Managing Your Accounts the Right Way
One of the most important roles a Systems Administrator has is user management. Depending on the size of your network, it can be really simple or horribly daunting. Luckily, there are strategies for handling permissions to accounts, so you don't have to spend your entire life applying permissions to each user. This is the purpose of Security groups, and there are some best practices associated with handling them.
The Best Practice
Somewhere along the line, back in the age of NT, Microsoft developed a group and account management strategy called AGDLP. The underlying purpose for this strategy was to handle account access between domains.
Accounts were added to Global groups, and the global groups were added to Domain Local groups.
The Domain Local groups were given permissions to files, processes, and anything else that needed access. The whole purpose of this strategy was to prevent administrators from having to assign permissions to individual users in each domain (which can take forever in large environments). With Windows 2000, Microsoft also added the Universal group and AGDLP became AGUDLP.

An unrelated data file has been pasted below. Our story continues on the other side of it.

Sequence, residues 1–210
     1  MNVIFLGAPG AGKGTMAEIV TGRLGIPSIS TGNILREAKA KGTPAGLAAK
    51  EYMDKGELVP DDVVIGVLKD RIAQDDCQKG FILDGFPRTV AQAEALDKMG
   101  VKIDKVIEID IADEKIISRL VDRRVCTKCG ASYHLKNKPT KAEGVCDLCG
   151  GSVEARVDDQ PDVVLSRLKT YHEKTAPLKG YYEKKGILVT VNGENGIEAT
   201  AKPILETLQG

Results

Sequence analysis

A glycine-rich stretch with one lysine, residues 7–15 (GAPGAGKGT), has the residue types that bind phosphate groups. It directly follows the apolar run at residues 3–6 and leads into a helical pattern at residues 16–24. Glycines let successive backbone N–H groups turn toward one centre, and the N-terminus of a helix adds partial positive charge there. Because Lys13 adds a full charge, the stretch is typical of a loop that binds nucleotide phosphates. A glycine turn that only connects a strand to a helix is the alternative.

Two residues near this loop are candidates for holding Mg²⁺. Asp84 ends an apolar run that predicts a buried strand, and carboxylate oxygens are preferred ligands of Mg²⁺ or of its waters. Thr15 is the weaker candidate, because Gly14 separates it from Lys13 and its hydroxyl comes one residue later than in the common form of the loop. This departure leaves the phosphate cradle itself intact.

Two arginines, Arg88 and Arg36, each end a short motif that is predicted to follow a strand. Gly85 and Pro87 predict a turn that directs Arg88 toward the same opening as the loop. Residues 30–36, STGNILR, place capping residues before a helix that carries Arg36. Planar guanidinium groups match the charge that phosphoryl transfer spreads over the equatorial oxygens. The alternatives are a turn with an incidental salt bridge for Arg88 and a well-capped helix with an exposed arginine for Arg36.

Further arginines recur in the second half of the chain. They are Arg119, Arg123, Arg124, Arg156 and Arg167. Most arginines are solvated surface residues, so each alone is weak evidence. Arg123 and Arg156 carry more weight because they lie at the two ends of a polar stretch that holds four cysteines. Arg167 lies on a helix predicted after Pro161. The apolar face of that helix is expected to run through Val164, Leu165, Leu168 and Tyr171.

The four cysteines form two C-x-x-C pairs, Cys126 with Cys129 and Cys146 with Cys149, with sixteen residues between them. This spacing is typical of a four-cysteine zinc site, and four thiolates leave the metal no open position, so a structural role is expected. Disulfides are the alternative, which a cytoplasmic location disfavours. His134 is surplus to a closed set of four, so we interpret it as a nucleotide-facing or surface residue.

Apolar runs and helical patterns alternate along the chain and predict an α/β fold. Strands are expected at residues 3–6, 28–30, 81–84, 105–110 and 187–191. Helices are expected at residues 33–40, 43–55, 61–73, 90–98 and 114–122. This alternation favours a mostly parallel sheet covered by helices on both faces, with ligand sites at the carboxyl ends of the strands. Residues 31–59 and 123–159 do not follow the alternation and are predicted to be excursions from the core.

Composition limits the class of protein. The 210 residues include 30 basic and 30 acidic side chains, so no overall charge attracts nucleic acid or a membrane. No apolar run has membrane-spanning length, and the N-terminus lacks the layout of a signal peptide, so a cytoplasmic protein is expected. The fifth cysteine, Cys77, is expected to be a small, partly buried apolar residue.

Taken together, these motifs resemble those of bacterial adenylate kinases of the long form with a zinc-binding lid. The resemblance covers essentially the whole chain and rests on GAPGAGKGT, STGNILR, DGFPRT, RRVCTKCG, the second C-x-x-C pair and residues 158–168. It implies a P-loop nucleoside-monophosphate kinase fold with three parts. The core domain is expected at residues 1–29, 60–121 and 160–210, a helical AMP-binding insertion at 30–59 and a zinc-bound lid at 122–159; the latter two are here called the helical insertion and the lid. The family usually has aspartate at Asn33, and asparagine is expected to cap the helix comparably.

The strategy continues today, in the world of Windows 2008 (if you've gotten there yet). So let me explain what each of these group types do.
The Skinny on the Group Types
We'll start from the bottom of the list and work our way up in defining the group types
Local groups are not really important in the context of this article, but they should be mentioned. Essentially, they are groups that exist only on a single computer. Members of a local group can come from anywhere in the forest.
Think of the Local Administrators group on your Desktop or Laptop. This is a Local Group. You can assign any user or group (think Domain Users or Domain Admins) to local groups and not have to assign individual permissions. The purpose of this particular type of group is to make allow specific permissions on a single device.
Domain Local can contain users and groups from any domain in a forest and any forests that you have a trust with. However, when developing ACLs, you can only use these groups if the objects are in the same domain.
The entire purpose of the Domain Local group is to assign permissions for file access, system access, user rights assignment, and just about anything else with an ACL in a domain. The major exception to this is ACLs tied to directory objects. When granting permissions and delegating authority in Active Directory Users and Computers it is not recommended using Domain Local groups.